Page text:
In the case now before us, appellant's testimony was similar to that of the defendant in Jones. Appellant claimed innocent presence and an unfamiliarity with drugs, attempting at the same time to implicate her daughter and cousin, who lived in the apartment with her. Indeed, when stating that she saw the packets of drugs lying on the floor, she added that she "had never seen anything like that before." She portrayed herself as a hard-working breadwinner and concerned mother trying to cope with her daughter's drug problem. As in Jones, the rebuttal was used to challenge appellant's asserted lack of sophistication with respect to drugs as well as her general credibility. In Jones the defense contended that, although Jones had cocaine on his person when arrested, he had previously found it on the street and did not know what it was. In the instant case, appellant maintained that she had no knowledge of the drugs found in her apartment and that she had not dropped the packets which the police found near her feet. Thus the EMIT results had a similar purpose and effect in both cases. In the words of Professor McCormick, appellant's use of drugs was something "which as a matter of human experience [she] would not have been mistaken about if [her] story were true." McCORMICK, supra at 112 (footnote omitted). Given the nature of appellant's defense, and considering that her testimony was the only exculpatory evidence, we hold that the trial court did not abuse its discretion in allowing the government to introduce the rebuttal evidence about appellant's drug tests.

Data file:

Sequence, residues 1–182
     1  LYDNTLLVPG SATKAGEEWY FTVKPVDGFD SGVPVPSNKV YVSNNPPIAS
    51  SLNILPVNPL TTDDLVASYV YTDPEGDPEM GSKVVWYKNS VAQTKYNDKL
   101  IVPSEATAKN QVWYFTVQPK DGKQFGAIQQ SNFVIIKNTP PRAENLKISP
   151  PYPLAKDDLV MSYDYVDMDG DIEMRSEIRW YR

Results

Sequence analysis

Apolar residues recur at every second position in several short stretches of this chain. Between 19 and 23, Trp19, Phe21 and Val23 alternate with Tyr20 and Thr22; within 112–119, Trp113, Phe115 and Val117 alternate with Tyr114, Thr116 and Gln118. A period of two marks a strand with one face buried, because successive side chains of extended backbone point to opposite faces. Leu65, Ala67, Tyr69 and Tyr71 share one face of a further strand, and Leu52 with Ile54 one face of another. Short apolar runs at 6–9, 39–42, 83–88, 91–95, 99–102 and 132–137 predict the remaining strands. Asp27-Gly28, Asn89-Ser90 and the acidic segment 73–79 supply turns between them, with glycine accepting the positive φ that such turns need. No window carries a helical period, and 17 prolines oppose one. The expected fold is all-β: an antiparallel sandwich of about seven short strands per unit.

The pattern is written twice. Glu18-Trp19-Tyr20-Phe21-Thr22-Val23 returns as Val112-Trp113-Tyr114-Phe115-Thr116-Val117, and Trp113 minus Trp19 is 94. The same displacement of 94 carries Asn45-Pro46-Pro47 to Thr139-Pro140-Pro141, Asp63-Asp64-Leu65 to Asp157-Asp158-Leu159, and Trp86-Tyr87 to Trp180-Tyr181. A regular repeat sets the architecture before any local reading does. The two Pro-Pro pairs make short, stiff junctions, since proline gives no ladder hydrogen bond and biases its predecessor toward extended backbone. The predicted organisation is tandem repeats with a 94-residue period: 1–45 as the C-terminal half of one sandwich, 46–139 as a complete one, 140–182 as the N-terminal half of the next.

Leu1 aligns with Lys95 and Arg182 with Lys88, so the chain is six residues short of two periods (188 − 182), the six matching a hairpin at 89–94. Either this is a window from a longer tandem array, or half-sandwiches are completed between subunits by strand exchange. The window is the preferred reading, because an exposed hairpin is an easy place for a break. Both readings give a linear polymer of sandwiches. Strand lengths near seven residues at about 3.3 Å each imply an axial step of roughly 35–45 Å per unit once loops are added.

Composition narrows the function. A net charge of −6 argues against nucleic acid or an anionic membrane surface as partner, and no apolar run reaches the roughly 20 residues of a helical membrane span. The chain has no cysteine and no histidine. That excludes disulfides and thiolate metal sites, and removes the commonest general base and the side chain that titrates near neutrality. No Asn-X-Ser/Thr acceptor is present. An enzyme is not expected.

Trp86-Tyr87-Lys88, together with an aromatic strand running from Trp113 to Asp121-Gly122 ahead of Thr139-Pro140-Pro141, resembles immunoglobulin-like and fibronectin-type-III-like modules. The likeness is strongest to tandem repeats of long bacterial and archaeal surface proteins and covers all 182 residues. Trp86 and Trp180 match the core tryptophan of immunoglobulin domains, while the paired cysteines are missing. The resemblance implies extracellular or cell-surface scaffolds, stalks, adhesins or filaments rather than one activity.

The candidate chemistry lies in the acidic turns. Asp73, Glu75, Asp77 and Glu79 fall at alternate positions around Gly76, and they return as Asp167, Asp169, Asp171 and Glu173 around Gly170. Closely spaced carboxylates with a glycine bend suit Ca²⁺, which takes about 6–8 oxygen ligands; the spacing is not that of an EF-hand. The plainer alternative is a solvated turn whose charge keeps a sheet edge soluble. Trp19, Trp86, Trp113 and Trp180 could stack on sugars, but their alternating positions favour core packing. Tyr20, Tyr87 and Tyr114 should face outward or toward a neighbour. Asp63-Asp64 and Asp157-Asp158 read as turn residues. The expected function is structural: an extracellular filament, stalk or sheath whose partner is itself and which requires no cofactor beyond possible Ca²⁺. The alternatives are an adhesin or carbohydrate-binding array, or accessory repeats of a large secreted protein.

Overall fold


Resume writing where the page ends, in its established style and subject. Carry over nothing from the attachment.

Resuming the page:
Our holding is reinforced by the following excerpt from United States v. Beno, 324 F.2d 582 (2d Cir. 1963), discussing a different but related exception to the collateral issue rule, which we quoted with approval in Johnson v. United States, 373 A.2d 596, 598 (D.C. 1977):
[W]here a defendant, in his direct testimony, falsely states a specific fact, the prosecution will not be prevented from proving, either through cross-examination or by calling its own witnesses, that he lied as to that fact. . . . The rationale behind this rule is not difficult to perceive, for even if the issue injected is irrelevant or collateral, a defendant should not be allowed to profit by a gratuitously offered misstatement.
Beno, supra, 324 F.2d at 588 (citations omitted); see also Cowan v. United States, 331 A.2d 323, 325-326 (D.C. 1975) (evidence of illegally seized drugs admissible to impeach defendant's credibility in bribery trial when defendant's direct testimony implied he was not using drugs); United States v. Bell, 165 U.S. App.D.C. 146, 152-154, 506 F.2d 207, 213-215 (1974) (when defendant represented that he had never sold drugs, evidence of prior drug buy was "vital" to the jury's assessment of his credibility). While Johnson and Beno make clear that this exception to the collateral issue rule does not amount to carte blanche, it is also clear that the decision to admit evidence of a defendant's false statement as to a specific fact is a matter within the trial court's discretion, subject to reversal only on a showing that such discretion has been abused.